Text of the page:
Dementia caregivers go through a lot as they tend to their charges. This is especially true when family and friends end up taking care of someone they love.
Burnout is highly likely, as the cycle of forgetfulness never ends and can eventually break a person’s heart – and body.
Being aware of signs that you are getting burned out can help head off some of the problems. Knowing there are other solutions available can help even more.
Signs of Dementia Caregivers Burnout
Burnout takes many different forms, but one stands out among them that nearly every single person suffers from – fatigue.
Tiredness, exhaustion, and sleepiness are all expected when taking care of another person. Not only are you caring for your own needs, but you’re taking care of many of the needs of another person. Almost like a baby, you have to pay attention and be in control of everything.
When it comes to an adult, a regular habit of independence needs to be fought against. They could be giving you a difficult time trying to do something, something that they used to do quite well, that they no longer can. But, they forgot they can’t.
The same arguments and fights will come up over and over again, pulling on your feelings and thoughts relentlessly. Frustration emerges, as does the guilt.
Sleep and the ability to rest and recover are the biggest aids to your long-term health. Most diseases have a track record of people needing more sleep. This is especially true with mental conditions. Depression, dementia, anxiety, and moodiness are all linked to a lack of sleep.
Of course, we know this is hard. Even if you are trying to get enough sleep, it might not be the easiest thing to do. Rituals before bedtime can help ease your mind and encourage you to sleep. Establishing a habit can bring a small bit of comfort. Avoid alcohol and other artificial sleep aids that can cause dependency.
Other signs of caregiver burnout include anxiety, nervousness, forgetfulness, high blood pressure, and increased pain and inflammation.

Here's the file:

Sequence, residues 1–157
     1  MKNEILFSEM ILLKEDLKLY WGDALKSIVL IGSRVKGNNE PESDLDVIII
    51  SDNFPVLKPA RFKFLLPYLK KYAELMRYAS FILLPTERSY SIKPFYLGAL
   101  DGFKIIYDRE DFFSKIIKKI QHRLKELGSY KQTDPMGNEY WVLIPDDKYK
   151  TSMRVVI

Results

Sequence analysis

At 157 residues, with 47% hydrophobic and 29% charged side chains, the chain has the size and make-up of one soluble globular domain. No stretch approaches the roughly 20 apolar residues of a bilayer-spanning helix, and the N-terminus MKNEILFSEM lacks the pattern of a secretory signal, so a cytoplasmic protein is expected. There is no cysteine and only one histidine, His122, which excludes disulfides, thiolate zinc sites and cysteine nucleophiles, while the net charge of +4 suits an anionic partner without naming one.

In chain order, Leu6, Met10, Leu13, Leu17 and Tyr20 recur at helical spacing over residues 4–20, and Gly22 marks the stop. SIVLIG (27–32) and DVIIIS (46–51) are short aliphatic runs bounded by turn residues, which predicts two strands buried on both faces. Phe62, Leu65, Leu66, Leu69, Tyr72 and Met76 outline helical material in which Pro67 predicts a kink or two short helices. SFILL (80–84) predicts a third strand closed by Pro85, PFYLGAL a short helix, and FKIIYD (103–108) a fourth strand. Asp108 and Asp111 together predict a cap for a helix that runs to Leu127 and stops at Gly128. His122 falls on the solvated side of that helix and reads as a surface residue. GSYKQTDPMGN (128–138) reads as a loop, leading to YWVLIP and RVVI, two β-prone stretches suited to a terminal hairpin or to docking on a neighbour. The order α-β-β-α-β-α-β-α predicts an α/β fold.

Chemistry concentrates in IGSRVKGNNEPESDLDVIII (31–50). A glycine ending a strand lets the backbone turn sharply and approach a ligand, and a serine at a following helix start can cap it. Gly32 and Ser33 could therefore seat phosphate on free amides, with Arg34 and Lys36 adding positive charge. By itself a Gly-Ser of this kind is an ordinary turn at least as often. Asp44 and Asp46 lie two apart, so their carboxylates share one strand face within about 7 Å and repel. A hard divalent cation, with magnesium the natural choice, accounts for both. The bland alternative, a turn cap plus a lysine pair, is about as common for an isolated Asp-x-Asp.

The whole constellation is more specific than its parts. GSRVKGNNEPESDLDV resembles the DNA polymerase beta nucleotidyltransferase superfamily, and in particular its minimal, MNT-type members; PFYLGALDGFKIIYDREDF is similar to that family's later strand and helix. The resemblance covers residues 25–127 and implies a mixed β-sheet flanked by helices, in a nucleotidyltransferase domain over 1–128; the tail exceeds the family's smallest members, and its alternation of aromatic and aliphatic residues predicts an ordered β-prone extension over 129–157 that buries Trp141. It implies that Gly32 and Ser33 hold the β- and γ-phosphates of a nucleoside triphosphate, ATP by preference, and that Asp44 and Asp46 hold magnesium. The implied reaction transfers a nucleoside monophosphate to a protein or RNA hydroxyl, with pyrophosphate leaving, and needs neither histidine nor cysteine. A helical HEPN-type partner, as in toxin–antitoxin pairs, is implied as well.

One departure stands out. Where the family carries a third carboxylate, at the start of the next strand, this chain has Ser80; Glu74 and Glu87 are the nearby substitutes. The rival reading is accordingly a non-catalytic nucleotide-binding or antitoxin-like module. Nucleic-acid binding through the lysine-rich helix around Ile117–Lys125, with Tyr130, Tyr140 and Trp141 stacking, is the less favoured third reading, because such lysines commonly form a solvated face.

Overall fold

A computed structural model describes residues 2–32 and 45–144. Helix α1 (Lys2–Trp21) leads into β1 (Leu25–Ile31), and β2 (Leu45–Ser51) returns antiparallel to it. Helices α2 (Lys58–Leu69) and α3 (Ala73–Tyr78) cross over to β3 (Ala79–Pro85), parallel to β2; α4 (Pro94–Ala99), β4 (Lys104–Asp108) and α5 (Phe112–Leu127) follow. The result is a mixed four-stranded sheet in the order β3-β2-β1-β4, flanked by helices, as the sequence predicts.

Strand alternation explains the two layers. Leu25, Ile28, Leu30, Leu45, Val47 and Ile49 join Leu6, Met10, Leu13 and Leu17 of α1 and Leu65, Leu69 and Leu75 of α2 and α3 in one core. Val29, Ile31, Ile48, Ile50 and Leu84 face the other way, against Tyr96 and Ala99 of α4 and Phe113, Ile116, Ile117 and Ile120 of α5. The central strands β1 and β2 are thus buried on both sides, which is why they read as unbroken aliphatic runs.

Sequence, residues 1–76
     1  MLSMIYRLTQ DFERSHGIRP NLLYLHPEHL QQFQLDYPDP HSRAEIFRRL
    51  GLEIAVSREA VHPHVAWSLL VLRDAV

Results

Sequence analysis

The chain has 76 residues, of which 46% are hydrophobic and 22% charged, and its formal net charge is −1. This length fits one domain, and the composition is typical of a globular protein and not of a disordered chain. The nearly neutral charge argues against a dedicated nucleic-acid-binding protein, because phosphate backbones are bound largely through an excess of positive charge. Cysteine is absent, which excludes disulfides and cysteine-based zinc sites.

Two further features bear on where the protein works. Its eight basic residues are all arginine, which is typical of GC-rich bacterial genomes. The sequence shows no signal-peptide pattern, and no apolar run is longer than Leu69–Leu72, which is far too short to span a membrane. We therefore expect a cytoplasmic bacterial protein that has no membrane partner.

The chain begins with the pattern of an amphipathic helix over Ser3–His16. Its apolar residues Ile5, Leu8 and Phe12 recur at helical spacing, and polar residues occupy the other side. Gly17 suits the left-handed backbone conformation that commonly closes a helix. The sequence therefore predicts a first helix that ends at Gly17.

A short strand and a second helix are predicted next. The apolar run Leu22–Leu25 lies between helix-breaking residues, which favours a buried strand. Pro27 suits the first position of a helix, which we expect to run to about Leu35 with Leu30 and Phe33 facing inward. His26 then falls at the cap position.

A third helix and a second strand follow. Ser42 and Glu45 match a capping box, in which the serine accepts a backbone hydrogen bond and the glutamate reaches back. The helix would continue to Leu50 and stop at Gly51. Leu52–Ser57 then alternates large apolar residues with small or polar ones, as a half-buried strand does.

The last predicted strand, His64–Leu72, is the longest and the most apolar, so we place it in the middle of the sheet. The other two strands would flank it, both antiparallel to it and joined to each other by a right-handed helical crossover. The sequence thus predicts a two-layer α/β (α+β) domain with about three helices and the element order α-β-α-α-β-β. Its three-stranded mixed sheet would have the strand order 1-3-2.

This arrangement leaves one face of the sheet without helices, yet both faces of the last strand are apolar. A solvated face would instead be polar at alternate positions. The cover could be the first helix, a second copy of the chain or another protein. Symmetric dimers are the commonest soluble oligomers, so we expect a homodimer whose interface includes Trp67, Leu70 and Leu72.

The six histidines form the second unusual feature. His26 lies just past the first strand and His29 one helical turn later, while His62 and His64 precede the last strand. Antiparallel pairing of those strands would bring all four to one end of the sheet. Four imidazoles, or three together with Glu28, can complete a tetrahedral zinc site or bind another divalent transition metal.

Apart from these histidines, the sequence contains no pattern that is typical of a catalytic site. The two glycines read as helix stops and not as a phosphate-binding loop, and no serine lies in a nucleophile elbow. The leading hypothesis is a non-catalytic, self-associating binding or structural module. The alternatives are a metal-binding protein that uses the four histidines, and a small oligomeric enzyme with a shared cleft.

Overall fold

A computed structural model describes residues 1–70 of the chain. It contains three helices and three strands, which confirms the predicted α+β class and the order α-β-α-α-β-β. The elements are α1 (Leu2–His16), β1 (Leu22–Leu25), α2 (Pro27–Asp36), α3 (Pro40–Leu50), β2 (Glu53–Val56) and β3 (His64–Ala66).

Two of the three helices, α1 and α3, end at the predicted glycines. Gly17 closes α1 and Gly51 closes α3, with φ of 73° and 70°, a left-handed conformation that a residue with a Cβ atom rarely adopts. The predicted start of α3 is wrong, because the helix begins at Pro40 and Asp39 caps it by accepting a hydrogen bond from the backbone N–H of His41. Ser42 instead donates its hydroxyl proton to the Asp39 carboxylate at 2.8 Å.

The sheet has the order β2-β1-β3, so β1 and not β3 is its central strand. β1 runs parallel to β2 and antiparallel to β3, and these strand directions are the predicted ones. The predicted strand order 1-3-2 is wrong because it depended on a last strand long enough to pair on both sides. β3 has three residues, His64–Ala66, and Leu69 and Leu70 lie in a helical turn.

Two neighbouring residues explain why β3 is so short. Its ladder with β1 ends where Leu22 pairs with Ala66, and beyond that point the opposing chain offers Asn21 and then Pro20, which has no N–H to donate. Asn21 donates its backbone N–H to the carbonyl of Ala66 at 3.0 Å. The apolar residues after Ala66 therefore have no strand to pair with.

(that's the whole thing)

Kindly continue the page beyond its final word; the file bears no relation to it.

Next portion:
Paying attention to your body is key to warding off some of these symptoms and getting the appropriate help once you notice them approaching.
Fortunately, sleep can help the majority of these problems.
Getting Help For Dementia Caregivers
So, how are you going to get sleep, especially when there’s so much to do?
That is a complicated question that has no easy answer. You have to look at what’s best for you, your family, and your loved one.
Enlisting more friends and family
Sometimes, all you need is to share the burden. If there are several siblings, close friends, and other people to help out, sharing responsibilities can take the pressure off of any one individual.
However, this is becoming increasingly difficult. The size of families are getting smaller, people are moving farther away from each other, and lives are becoming busier. This is where hiring a service can bring a great benefit to your family.
Some companion services and home health agencies offer trained individuals that will come and spend time with your loved one. It could be as simple as having a person take your family member to their appointments to sitting with them for a few hours doing puzzles.
Some of the more skilled services will offer housekeeping, cooking, help dressing, and bathing services. Most offer an overnight option, where a person will stay with your loved one throughout the night so you can get better sleep.
The next step up from that, and often used together with companion services, is home nursing. These are trained and licensed nurses that come into the home and help with wound care, medications, and minor medical checkups. The nurses can be a big benefit as it can reduce the number of trips your loved one has to take to a doctor.
Home nursing and companion services can offer more Independence to your loved one and give you the break you need to live your own life.
You may need to look into specialty facilities that take care of those with dementia at a certain point. These facilities use special nurses and procedures to keep your loved ones safe and are trained to deal with some of the more violent and unpredictable tendencies seen in many dementia patients.
If the safety of yourself, your loved one, or anyone else is called into question, this may be your only option. Fortunately, these facilities are becoming more abundant and work better with families to keep your loved one safe.
Your health and safety are just as important as your loved ones. The biggest thing you can do for yourself to avoid burnout is to get more sleep. As fatigue is the most common symptom of caretaker burnout, adequate sleep is the solution.
To get that sleep, establishing a ritual to help you sleep is important. But, looking into some companion services or nursing services might be your next step when worry becomes too much. Worry about your loved one should not rob you of your own health.